A study of medicinal and aromatic plants (MAPs) was conducted during summer 2009 in the mountainous areas of Kot. The area has the largest pure stand of Chirr pine forest, hosting many economically important MAPs in the region. In this context the present study was conducted with the aims to identify important MAPs species and investigate linkages in the market channel starting from collectors to consumers. Ethnobotanical knowledge of local people was collected through questionnaire and interviews. This was followed by field survey, guided by community members. During the field local habitat and availability of MAPs was recorded. The survey revealed 54 species of plants with high medicinal and ethnobotanical importance. These plant species were used for the curing of different diseases in traditional system of medicines. Generally men had a greater knowledge than women regarding the MAPs of the area. However, the study showed that neither men nor women were aware of the vast array of herbs with medicinal properties that exist in their locality. During the survey it was noted that the trade of MAPs is highly uncoordinated and complex, involving many players. Out of 30 MAPs, only ten species viz: Viola serpens, Berberis lycium, Calotropus procerra, Morchella Spp, Grewia optiva, Caraluma edulis, Acorus calamus, Zanthxyllum armatum, Mentha longifolia, and M. viridis are collected mainly for sale purposes. These species were mostly collected by children and women for supplementary income. It was also observed that the rare and threatened species of MAPs were collected in a highly unsustainable manner, therefore, causing biodiversity loss and depletion of MAPs population. About 10% reduction was claimed on both parameters. At the end of study, the recommendations made included: training in plant identification, sustainable collection, processing, value addition, equitable sharing of benefits of MAPs, trade monitoring and cooperative system of marketing. © 2011 Academic Journals.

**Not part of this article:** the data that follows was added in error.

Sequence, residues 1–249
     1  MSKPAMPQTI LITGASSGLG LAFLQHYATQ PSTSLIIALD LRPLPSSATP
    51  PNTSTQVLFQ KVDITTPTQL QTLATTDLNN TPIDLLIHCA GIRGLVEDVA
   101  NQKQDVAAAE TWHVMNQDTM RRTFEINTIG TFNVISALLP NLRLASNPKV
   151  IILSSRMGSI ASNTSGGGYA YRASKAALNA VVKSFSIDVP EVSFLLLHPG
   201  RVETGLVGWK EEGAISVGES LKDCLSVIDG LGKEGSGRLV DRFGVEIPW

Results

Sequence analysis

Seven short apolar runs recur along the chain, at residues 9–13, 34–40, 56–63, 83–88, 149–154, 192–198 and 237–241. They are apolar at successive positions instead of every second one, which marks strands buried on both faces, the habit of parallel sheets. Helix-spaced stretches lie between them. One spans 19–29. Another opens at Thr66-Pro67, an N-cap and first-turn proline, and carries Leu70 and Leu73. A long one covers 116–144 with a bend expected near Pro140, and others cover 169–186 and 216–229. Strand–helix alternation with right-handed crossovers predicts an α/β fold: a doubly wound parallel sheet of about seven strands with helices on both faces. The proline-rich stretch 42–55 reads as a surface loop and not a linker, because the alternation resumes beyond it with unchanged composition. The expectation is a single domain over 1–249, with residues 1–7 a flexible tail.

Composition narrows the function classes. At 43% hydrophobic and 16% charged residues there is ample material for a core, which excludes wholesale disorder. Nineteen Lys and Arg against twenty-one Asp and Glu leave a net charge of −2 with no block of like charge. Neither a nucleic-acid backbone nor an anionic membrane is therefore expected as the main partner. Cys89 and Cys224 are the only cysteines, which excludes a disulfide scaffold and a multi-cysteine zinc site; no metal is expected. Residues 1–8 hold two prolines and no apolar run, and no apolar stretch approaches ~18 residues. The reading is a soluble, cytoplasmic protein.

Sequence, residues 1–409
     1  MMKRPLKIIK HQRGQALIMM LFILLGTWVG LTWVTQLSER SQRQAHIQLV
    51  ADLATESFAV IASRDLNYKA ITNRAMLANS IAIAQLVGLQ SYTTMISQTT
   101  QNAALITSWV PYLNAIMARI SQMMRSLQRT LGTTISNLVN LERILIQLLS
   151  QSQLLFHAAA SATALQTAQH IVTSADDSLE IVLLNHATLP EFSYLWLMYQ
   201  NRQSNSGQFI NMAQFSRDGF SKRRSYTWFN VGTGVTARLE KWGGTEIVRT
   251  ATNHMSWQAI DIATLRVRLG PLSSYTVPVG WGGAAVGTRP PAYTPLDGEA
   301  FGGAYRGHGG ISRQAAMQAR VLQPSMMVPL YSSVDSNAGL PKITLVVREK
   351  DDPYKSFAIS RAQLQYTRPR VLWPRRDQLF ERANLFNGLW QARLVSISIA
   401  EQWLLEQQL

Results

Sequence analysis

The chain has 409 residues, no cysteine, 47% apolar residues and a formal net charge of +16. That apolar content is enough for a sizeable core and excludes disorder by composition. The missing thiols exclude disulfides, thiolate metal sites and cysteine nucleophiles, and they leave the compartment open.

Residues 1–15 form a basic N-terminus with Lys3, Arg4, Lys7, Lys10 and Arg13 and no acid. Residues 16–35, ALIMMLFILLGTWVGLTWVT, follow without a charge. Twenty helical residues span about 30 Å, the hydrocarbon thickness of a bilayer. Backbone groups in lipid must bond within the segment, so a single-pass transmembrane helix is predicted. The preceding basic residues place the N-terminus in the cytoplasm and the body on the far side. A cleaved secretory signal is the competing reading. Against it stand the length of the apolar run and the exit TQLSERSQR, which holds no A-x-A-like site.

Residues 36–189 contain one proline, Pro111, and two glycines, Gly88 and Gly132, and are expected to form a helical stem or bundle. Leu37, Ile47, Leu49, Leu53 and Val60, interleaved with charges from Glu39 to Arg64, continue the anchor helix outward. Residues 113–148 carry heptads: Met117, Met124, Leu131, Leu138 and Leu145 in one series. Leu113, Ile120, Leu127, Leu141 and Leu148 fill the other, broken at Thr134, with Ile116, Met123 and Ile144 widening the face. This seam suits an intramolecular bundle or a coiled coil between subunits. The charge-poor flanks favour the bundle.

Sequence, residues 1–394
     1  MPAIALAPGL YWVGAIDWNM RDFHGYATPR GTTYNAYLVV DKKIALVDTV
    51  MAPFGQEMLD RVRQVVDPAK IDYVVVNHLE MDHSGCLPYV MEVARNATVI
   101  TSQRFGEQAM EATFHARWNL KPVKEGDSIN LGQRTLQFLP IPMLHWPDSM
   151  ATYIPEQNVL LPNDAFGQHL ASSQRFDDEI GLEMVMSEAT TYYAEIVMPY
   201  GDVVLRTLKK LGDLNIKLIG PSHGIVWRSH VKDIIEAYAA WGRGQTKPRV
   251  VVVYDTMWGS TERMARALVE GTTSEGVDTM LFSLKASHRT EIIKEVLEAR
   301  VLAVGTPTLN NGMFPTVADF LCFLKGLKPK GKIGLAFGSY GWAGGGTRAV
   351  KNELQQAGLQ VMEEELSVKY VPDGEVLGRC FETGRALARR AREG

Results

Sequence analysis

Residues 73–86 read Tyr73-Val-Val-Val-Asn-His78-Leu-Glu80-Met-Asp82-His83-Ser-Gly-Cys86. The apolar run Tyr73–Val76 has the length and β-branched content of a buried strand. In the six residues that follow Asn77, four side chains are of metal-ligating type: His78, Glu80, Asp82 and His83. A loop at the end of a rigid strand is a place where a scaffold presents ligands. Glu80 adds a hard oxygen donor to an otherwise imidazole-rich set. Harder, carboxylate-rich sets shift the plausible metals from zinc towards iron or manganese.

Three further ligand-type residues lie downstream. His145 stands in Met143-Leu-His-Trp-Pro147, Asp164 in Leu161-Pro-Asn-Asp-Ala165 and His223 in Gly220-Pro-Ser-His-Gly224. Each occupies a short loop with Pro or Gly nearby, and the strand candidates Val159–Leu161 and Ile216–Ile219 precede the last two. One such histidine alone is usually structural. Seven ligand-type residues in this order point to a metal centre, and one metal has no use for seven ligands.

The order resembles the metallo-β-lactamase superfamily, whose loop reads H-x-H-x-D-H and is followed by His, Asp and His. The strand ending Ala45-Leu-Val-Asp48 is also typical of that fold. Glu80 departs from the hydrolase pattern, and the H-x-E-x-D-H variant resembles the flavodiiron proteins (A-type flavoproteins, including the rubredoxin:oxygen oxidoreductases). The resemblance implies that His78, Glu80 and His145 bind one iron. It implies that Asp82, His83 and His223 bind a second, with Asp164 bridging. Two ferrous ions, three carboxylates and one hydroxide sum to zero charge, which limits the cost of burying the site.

Loading University of Swat collaborators
Loading University of Swat collaborators